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Feds to Stigmatize Gas Guzzlers with a D Grade?

New label might result in sticker shock - for makers.

by on Aug.30, 2010

1. This vehicle can travel about 26 miles on a gallon of gas for combined city and highway driving. 2. This vehicle uses 3.8 gallons of gasoline to travel 100 miles for combined city and highway driving. This is an energy efficiency rate called fuel consumption. Fuel consumption values, unlike MPG, relate directly to the amount of fuel used. 3. This bar depicts the range of combined city and highway fuel economy for all labeled vehicles. The pointer shows where this vehicle is within the range of all vehicles and other vehicles in the same class as the labeled vehicle. 4. will continue to provide consumers with a source of in-depth information. The website allows consumers to personalize estimates based on their own driving habits (i.e. annual miles traveled, local fuel cost, etc.). 5. This vehicle can travel about 22 miles on a gallon of gas for city driving. 6. This vehicle can travel about 32 miles on a gallon of gas for highway driving. 7. $1,617 is the estimated annual fuel cost based on a given number of miles and fuel price, which are listed lower on the label (15,000 miles per year and $2.80 per gallon for this example). 8. This bar depicts the range of the combined city and highway carbon dioxide (CO2) tailpipe emission rate for all labeled vehicles. The pointer shows where this vehicle is within the range. 9. This bar depicts the emission rating for vehicle tailpipe emissions that contribute to local and regional air pollution, creating problems such as haze and smog. The pointer shows where this vehicle is within the range. 10. A QR Code can be used by many Smartphones to access a web page, allowing consumers at a dealership to compare vehicles and personalize estimates, based on their own driving habits and fuel costs.

The U.S. Department of Transportation (DOT) and the U.S. Environmental Protection Agency (EPA) are jointly proposing the most radical changes to the fuel economy labels on the window of every new vehicle in dealer showrooms since the regulation began 30 years ago.

The stated goal of the new labels is to provide consumers with “simple, straightforward energy and environmental comparisons” across all types of vehicles, including electric vehicles (EV), plug-in hybrid electric vehicles (PHEV), and conventional gasoline-powered vehicles.

DOT and EPA said in a joint release this afternoon that they are looking to provide enhanced information on efficiency and environmental performance, including information about air pollutants, such as smog, that impact public health to consumers.

The Energy Independence and Security Act of 2007 passed under Republican President Bush specifically calls on EPA and DOT to rate available vehicles according to fuel economy, greenhouse gas emissions and smog forming pollutants.

Labels, Fair or Foul!

“New technologies such as battery electric vehicles and plug-in hybrids are entering the American market in greater numbers,” said U.S. Transportation Secretary Ray LaHood. “We need to provide consumers with labels that include fuel economy and environmental information so that buyers can make better informed decisions when purchasing new vehicles.”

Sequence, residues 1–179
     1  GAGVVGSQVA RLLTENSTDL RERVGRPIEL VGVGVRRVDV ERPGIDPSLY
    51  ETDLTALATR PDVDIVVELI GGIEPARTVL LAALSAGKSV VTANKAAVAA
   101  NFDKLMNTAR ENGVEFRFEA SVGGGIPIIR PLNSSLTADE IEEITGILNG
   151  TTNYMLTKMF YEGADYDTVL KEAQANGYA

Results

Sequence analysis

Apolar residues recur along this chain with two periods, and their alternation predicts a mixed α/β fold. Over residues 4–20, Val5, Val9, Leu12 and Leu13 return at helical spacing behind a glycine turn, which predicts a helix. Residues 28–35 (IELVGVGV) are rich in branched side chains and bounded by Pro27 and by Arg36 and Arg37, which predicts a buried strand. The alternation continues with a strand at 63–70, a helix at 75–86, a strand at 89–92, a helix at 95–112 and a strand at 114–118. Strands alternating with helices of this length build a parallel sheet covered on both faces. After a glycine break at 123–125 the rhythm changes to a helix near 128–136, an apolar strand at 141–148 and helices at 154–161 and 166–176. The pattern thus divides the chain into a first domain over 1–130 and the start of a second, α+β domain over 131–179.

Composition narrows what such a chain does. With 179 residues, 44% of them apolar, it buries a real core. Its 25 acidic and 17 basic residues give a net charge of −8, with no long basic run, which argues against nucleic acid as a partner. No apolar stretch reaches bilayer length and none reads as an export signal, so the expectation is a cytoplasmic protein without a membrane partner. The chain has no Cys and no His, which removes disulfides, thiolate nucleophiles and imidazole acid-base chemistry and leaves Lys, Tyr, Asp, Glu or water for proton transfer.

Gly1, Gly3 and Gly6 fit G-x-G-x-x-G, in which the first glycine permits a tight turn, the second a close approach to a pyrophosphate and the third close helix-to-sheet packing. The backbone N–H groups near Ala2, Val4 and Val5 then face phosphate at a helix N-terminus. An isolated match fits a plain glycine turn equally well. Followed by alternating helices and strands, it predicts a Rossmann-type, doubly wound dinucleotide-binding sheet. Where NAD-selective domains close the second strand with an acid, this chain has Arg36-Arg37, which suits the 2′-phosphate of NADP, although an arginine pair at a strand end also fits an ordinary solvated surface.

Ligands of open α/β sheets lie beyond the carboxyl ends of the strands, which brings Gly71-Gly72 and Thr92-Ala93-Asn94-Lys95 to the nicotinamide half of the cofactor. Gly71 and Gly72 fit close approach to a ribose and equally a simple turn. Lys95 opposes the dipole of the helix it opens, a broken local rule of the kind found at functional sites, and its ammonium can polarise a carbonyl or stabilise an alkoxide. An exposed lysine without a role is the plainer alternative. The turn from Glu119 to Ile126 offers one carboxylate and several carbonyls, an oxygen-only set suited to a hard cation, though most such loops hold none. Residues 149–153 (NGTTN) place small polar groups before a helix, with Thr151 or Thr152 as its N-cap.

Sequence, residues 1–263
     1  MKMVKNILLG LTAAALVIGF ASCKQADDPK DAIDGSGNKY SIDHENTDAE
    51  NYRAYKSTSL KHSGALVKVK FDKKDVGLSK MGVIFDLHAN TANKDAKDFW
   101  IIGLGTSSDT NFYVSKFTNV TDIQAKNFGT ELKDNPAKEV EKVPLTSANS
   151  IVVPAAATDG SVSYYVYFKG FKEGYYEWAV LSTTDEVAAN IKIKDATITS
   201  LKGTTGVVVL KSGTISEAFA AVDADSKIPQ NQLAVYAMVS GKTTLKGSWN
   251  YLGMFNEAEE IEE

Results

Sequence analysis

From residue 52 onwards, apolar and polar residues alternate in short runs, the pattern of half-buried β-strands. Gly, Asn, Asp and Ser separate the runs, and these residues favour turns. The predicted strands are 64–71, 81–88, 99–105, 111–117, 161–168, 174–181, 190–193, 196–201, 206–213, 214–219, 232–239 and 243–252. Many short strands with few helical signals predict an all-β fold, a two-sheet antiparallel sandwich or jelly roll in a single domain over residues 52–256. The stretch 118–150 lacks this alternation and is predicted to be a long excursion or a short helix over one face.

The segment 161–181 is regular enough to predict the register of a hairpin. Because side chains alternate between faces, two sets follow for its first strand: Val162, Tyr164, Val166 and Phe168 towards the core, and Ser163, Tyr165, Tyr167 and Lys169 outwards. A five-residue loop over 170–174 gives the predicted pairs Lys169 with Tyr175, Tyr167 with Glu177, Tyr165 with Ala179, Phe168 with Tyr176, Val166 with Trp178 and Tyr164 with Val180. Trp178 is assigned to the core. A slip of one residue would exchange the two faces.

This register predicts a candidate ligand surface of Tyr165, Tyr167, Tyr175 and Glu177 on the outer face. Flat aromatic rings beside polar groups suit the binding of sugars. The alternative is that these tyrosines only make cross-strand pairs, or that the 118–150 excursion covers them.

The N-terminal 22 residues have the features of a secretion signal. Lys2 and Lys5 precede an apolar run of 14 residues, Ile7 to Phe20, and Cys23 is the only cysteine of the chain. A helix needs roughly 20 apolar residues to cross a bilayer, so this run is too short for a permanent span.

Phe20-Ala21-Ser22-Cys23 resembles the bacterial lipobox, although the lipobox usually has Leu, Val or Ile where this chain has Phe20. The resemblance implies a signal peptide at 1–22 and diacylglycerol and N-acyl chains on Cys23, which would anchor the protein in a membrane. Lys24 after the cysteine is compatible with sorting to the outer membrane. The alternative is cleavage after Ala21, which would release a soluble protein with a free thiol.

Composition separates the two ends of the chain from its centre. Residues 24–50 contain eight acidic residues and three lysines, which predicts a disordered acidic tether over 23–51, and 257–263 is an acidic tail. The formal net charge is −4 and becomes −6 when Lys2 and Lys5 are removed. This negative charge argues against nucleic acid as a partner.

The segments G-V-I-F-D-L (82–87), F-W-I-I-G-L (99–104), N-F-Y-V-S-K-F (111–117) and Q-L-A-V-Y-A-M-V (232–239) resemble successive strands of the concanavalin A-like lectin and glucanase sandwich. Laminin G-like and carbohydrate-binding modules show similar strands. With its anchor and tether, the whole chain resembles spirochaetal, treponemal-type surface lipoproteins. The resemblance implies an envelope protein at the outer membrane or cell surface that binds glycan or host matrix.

EPA and DOT are actually proposing two new label designs for comment during a rule making period that will be subject to intense behind the scenes lobbying by automakers in “pay to play” Washington.  At stake is the stigma of a bad label on the side of a vehicle, which can cost makers sales and tarnish reputations.

One controversiallabel design prominently features a letter grade, A+ to D, to communicate the vehicle’s alleged overall fuel economy and greenhouse gas emissions performance. The new design will also provide consumers with an estimate of the expected fuel cost savings over five years compared to an average gasoline-powered vehicle of the same model year.

At first look the regulations appear to favor plug-in hybrids as the A+ label leaders, in keeping with politicians’ current favored technology. Critics of course say that the government should not be promoting design standards, relying instead on performance standards while letting technologies fight it out in the marketplace and giving consumers a choice.

The second proposed label retains the current label’s focus on miles per gallon (MPG), a demonstrable bad way of measuring fuel consumption when compared to gallons per mile. Also included would be the current annual fuel costs label, while updating the overall design and adding the required new comparison information on fuel economy and emissions.

Either way, both proposed labels expand on the current content by including new information on fuel consumption, tailpipe carbon dioxide (CO2) emissions and smog-related emissions. The new labels would also provide information on a new web-based interactive tool that can also be accessed by smart phone. This tool would allow consumers to personalize the information about a vehicle’s performance.

For electric vehicles and plug-in hybrids, the agencies want to show energy use by translating electricity consumption into a mile per gallon equivalent. The proposed label designs for EVs also include energy use expressed in terms of kilowatt-hours per 100 miles.

The proposed rule seeks public comment on label design options and related issues. The public can view the proposed rule and labels at: and submit comments as part of the rulemaking process via email to: They can also review the proposed rule at

DOT and EPA are providing a 60-day public comment period that begins with the proposal’s publication in the Federal Register.

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